Pennsylvania is facing a deep shortfall in revenue which, through October, stands at $565 million. Putting this in perspective, the shortfall in 2002-03—which led to increases in the state personal income and cigarette taxes, as well as a new tax on cellular phone and long distance calls—was $497 million after 12 months. The current deficit blew by that figure a mere four months into the fiscal year.
Lawmakers must quickly figure out how to “pay” for this shortfall when they come to Harrisburg in January. While Gov. Rendell has taken some steps to address the problem, including a freeze on hiring state workers and banning taxpayer-funded out-of-state-travel, these measures are insufficient to fill the current budget gap. Lawmakers will have only two choices: 1) cut spending, or 2) raise taxes.
While the Commonwealth Foundation identified over $6 billion in possible spending cuts, Gov. Rendell seems keen on raising taxes. He continues to hand out grants for pork barrel projects while the state Treasurer recently suggested that government spending is the way to grow our economy during a recession.
Yet this idea has been discredited. Taxing and spending is merely a redistribution of wealth—it neither creates jobs nor offers incentives for productivity. In fact, high taxes undermine growth and punish success. Even presidential candidate Barack Obama understood—as did John F. Kennedy—that tax rates should be reduced (or at least not increased) during a recession. The experience in other states supports this approach.
An analysis of the 50 states shows that those with the lowest tax burdens and those that cut taxes the most had much faster economic growth than those on the opposite end of the spectrum. According to the Washington, D.C.-based Tax Foundation, Pennsylvania ranks 11th in state and local tax burden, and 6th in tax burden increases since 2002. Not surprisingly, Pennsylvania ranks near the bottom in income, job, and population growth since Gov. Rendell took office, despite increased government “investment” in the economy.
The evidence is also clear on spending for so-called economic development—but in the opposite direction. States that spent the most on “economic development” in 2005 and 2006 had slower economic growth than states spending the least. According to a survey of the states, Pennsylvania ranks second in economic development spending only to Ohio—another state with a struggling economy.
Imagine the economy as a swimming pool. Splashing water from the shallow end to the deep end does not increase the amount of water in the pool. Likewise, the redistribution of income through economic development spending will not increase a state’s (or a nation’s) economic growth. The only way to achieve real economic growth is to have greater private sector productivity.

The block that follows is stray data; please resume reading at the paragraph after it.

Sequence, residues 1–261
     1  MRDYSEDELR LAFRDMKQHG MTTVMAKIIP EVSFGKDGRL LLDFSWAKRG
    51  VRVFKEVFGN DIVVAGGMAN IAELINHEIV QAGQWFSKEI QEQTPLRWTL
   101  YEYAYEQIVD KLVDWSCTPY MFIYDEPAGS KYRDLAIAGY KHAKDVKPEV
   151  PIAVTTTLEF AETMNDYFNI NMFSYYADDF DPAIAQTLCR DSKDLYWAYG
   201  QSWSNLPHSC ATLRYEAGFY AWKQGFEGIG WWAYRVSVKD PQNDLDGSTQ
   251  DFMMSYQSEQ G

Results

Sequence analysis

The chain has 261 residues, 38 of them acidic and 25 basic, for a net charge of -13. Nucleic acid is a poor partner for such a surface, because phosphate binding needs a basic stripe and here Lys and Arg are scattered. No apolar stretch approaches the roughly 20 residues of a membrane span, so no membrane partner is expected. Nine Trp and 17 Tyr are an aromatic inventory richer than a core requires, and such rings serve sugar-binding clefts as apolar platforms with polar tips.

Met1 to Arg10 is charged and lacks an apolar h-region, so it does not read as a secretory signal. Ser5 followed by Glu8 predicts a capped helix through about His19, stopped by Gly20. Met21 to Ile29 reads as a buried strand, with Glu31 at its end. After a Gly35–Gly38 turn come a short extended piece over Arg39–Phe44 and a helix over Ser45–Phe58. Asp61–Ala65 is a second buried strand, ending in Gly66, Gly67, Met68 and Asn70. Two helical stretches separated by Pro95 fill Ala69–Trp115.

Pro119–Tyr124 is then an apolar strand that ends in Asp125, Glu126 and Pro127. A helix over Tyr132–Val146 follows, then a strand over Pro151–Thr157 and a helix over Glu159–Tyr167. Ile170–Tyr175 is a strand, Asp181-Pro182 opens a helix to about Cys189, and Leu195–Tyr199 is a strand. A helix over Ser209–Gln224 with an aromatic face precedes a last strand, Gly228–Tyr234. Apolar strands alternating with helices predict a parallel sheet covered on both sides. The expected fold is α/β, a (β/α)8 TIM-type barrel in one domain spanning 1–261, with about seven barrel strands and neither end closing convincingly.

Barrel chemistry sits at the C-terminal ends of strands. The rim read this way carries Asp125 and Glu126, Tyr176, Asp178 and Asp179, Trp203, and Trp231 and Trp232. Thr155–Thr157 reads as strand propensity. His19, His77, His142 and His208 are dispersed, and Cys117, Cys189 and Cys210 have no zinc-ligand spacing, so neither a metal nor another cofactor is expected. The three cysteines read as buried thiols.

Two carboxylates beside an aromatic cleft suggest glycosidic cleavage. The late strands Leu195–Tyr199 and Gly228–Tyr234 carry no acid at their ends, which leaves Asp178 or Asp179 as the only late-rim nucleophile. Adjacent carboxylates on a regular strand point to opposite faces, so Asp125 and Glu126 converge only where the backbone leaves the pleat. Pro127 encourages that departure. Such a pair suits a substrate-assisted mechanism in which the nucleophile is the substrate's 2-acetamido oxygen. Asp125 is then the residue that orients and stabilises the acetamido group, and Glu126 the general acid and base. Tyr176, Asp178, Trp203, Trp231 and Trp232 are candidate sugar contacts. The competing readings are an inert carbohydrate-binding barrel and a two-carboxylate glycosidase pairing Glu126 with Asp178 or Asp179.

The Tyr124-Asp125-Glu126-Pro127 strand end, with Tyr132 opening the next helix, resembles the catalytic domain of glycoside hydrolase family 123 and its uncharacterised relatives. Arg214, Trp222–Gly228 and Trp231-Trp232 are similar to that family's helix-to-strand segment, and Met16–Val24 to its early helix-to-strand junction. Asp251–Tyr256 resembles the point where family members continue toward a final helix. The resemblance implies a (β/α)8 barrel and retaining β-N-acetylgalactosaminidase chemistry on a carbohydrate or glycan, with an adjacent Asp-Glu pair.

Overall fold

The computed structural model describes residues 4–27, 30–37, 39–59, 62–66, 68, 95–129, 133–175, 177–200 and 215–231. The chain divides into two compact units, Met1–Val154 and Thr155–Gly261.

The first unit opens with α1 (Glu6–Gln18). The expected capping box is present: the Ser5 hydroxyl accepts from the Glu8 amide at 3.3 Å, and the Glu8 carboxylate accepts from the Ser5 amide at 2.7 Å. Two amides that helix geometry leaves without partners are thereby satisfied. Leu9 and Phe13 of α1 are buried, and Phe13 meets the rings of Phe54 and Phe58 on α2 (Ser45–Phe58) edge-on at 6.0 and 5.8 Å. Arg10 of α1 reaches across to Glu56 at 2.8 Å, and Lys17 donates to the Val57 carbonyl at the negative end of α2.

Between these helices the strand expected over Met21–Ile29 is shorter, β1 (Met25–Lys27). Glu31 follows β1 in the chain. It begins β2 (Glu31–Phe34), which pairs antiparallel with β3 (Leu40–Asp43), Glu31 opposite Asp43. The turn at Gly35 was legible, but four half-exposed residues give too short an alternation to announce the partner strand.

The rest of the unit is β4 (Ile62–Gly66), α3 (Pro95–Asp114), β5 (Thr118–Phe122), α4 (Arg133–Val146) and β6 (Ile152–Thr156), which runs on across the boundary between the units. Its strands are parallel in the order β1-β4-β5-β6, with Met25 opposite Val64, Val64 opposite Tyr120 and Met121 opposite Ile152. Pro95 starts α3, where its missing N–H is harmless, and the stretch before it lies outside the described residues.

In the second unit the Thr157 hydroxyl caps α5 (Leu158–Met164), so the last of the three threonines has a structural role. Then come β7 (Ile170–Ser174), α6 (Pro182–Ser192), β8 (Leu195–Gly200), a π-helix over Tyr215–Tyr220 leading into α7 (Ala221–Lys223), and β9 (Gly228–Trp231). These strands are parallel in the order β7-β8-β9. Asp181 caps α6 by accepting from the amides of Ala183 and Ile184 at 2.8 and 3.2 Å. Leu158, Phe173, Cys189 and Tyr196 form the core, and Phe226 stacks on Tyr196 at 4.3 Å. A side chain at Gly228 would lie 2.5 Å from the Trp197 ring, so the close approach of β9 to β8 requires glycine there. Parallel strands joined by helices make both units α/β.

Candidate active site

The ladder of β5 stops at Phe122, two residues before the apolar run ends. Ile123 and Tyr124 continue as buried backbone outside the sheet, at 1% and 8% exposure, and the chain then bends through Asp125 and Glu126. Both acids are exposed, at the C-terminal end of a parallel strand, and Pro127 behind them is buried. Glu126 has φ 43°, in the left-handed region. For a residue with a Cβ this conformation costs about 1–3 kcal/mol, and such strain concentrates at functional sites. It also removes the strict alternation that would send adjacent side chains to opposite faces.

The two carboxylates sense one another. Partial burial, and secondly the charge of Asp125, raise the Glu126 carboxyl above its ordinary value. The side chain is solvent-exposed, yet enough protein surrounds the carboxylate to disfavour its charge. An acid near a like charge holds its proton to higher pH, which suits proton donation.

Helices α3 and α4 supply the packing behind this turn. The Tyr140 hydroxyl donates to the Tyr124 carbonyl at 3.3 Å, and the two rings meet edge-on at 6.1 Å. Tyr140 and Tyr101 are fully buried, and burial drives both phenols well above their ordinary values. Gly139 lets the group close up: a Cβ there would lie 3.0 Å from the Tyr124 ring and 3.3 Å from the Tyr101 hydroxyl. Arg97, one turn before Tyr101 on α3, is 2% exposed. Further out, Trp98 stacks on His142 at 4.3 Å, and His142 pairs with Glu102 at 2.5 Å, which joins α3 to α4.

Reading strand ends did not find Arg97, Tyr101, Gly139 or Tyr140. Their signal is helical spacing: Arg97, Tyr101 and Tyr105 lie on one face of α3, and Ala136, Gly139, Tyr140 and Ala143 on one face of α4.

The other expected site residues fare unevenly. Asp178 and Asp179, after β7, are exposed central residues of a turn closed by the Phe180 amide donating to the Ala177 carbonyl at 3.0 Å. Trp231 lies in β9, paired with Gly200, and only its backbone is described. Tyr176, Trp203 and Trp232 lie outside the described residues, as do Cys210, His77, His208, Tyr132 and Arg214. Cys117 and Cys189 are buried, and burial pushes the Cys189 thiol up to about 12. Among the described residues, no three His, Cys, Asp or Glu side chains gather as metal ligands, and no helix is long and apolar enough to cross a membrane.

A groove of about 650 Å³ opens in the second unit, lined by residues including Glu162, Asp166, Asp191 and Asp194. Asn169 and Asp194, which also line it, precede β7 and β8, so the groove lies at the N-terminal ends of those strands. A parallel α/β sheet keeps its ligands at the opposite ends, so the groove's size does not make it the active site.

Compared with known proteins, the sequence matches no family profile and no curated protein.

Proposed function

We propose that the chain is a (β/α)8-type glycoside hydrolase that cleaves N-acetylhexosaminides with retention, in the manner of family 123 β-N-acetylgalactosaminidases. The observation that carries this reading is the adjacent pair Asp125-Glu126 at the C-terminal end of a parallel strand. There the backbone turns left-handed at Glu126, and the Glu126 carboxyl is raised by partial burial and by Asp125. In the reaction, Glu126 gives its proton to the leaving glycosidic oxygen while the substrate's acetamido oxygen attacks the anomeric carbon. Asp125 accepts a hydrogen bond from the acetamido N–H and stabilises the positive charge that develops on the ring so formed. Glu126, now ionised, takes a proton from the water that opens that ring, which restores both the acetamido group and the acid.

It is true that some government actions support productivity. Transportation infrastructure, education (both areas we should look more to the private sector to provide), public safety, protection of property rights, and other core functions of government promote economic growth. However, it is how efficiently government performs these functions—not how much taxpayers are forced to spend on them—that aids productivity.
Furthermore, Gov. Rendell’s economic policy of taking money from taxpayers to “invest” in the economy by giving handouts to certain energy companies, sports team owners for new stadiums, struggling department stores, and other corporate welfare schemes does nothing to improve our economy.
It should be noted that many states have avoided a fiscal crisis during this economic downturn. What do these states have in common? Not surprisingly, the answer is lower taxes and a recent record of cutting them. Thus, these states have enjoyed significantly stronger economic growth.
Gov. Rendell’s solution is to revisit the failed policies of the 1930s, 1970s, and even the recent blunders in Washington to try to tax, borrow, and spend our way out of a recession. The lesson from prospering states, however, is that reducing spending, lowering taxes, and relying on the private sector—not the public sector—is the way out of a recession.
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Nathan A. Benefield is Director of Policy Research with the Commonwealth Foundation (www.CommonwealthFoundation.org), an independent, nonprofit public policy research and educational institute based in Harrisburg.